A third possible configuration is shown in FIG. 11, which includes a user 400 connected to the data network 402 via an access module 404. A service provider server 406 is connected to the data network 402. The access module negotiates the characteristics of the communication link based on the end user's modem capabilities and available network resources.
When a customer service request is first detected, it is determined whether the request is for a data service or a POTS service, and the type of data service is determined by referring to a database. This service request comes from either direction to the access module. That is, in some cases, the near-end user requests service from the service provider, and in other cases, in response to a service request from the far-end user, the service provider requests the access module. Thus, a request is made to connect to an arbitrary CPE on the near end user side.
In one embodiment, service request detection is performed in a procedure referred to as a “service default” procedure. In this embodiment, the access module is in a default state, eg, a “service default” state. In this service default state, the network typically receives and requests packet data. Thus, data can be emitted from or received by the CPE at any time. As mentioned above, this is a significant difference from existing procedures involving PSTN, where the default is POTS service. The access module can change the access state whenever a service request is received. When the access module is in a changeable (non-default) state, the line interface provides a physical interface to the user's copper loop. This includes the “BORSCHT” (power, overvoltage protection, paging, monitoring, coding, hybrid, testing) functions specified for POTS services, ie power supply, current detection, electrical protection, paging recognition (Pulse or DTMF), analog / digital conversion, and test loopback.
According to this embodiment, the user subscribes to two types of services: a data service supported by a 28.8 Kb / s modem and a voice (POTS) service. The line interface can be remotely programmed by a network service provider having two different properties. One is emulation of a data service 28.8 Kb / s modem and the other is a POTS line interface. The “service default” identification method defines the default state for an interface as “data service”.
In the service default state, when the customer modem (CPE connector) is activated, the access module line interface transmits a carrier frequency and initiates a modem-to-modem handshaking protocol. As a result, in the service default state, the user can start data transmission and receive data from other data service users on the network. The type of service requested is identified by referring to the database and analyzing the content of the service request.
A customer request for the POTS service, for example, a request using the DTMF code “*” or “#” is interpreted as a dial tone request, and the data connection is terminated. The POTS character is then downloaded to the line interface, and the processor provides a physical interface to the user's copper loop. This dial tone request is passed to the subscriber line switch by, for example, TR-303 protocol.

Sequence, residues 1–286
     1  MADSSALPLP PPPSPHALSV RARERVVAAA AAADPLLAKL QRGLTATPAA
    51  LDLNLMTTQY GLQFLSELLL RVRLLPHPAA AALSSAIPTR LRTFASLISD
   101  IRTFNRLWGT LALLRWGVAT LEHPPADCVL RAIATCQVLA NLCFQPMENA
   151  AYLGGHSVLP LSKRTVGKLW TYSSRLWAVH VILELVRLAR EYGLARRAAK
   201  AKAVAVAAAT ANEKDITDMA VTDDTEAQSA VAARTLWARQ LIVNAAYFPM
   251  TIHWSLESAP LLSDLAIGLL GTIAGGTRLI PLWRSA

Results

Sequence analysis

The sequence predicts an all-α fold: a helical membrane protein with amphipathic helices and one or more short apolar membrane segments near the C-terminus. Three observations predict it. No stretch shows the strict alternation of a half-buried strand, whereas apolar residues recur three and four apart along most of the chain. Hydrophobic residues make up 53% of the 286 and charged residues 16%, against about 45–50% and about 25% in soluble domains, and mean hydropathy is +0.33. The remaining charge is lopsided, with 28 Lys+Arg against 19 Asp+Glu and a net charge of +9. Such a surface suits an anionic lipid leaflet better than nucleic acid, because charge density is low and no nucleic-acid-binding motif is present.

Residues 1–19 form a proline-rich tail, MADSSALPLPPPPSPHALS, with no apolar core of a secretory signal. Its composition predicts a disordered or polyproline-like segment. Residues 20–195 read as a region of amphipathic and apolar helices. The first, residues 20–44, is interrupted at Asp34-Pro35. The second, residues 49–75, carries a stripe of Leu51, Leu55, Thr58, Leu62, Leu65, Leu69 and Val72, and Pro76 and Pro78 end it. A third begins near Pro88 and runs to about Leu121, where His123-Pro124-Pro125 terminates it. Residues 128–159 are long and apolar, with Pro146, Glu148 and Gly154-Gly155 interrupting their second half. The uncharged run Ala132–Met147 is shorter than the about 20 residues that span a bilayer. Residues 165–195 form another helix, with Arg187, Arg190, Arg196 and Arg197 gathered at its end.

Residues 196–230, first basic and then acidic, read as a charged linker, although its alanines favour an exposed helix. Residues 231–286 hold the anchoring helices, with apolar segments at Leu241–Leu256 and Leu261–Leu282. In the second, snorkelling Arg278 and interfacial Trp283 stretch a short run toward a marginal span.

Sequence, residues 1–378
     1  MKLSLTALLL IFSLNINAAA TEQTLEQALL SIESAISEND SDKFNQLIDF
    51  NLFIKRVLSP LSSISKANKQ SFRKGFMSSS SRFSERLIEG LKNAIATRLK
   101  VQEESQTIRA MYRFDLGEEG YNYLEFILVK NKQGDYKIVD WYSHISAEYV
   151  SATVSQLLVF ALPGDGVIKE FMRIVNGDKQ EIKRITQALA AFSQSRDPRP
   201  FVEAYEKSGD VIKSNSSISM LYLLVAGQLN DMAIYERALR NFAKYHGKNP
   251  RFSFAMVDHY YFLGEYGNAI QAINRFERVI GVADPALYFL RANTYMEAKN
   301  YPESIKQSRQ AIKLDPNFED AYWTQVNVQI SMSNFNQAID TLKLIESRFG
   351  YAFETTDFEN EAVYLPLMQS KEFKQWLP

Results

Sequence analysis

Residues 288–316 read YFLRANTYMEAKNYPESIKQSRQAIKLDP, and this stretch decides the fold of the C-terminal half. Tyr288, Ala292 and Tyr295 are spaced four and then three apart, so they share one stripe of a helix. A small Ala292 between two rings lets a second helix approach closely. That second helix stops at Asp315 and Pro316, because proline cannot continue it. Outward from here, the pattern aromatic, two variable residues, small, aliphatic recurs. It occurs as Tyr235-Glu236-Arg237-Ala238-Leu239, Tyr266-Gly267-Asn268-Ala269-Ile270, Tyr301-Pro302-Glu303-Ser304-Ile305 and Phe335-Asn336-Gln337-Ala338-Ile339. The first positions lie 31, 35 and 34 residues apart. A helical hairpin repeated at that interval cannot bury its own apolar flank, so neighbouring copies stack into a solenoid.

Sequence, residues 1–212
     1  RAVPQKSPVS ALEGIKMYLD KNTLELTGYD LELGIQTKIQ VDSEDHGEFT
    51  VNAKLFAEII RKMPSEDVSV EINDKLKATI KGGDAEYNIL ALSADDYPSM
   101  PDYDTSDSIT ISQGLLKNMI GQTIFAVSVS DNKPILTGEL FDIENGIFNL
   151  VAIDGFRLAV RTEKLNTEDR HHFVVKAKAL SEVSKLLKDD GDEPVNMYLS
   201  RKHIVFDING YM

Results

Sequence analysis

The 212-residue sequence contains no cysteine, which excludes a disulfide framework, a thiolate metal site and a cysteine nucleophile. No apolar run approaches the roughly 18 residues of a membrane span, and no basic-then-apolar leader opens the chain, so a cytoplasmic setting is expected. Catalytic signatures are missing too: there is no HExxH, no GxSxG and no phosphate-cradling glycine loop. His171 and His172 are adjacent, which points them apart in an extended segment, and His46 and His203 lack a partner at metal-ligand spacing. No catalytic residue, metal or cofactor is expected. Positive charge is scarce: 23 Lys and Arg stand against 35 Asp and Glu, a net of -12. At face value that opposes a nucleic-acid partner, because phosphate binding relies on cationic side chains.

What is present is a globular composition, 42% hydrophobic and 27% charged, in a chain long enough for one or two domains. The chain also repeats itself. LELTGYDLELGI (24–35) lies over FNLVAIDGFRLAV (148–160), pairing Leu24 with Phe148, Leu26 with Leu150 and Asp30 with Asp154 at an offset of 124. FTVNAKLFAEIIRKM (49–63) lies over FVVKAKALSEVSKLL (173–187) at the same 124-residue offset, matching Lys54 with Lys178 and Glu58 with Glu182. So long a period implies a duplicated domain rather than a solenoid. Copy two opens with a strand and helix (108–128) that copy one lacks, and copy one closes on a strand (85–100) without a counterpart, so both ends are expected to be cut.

When the POTS call ends, the access module returns to the default state by downloading the modem characteristics to the line interface.
Mode changes occur not only as a result of user-initiated requests, but also from automated, uninterrupted channel observations. With non-interruptible observation, the access module monitors the customer's communication activity even while the call is already established. The access module uses this monitoring to detect other call attempts by the user and determine the type of service requested. An execution example of this function is an extension of the above-described function. Due to the nature of “POTS mode”, the line interface recognizes and interprets the request for data services on the carrier from the user modem. There are several possible operations for the access module. In this example, a data service request issued by a user during a POTS call hangs up and provides a carrier to the user's modem.
According to yet another embodiment, the access module operates in dual mode operation, and voice and data services are supported simultaneously on local access. For example, if the user's modem has the appropriate functionality, the access module can simultaneously support voice traffic having a bandwidth of 32 Kb / s and data traffic of 9.6 Kb / s.
The access module's service identification function is used to isolate outgoing traffic by service type, direct it to the appropriate network resource, and transport it to the intended destination.
The access module directs the voice traffic to a channelized bus, multiplexes it on the transmission facility, and interfaces with the subscriber switch at the end of the PSTN. The switch interface executes any current standard interface, such as the interface described in Bellcore TR-303, for example.
In another embodiment shown in FIG. 12, the access module may also direct data traffic to a non-channelized bus 500 running a LAN type protocol. The bus can be provided with an external connection via an interface device such as a bridge. This bus supports an interface for all user data traffic going from the near end user to the access module, not just the far end user. This bus performs simple addressing for user data.
Information stored in the database can be used for protocol translation, address translation, and service mediation per service, based on tables under the control of both users and service providers, in the access module. This is achieved using mediation. Thus, the access module can interface with various data networks to deliver and receive data service traffic. The actual network selection is based on the information contained in the user service profile. This functional embodiment provides a gateway function to the associated network device. One or more circuits are included. A list of possible network interfaces includes X. 25 packet network, frame relay, SMDS, ATM, TCP / IP, etc. are included.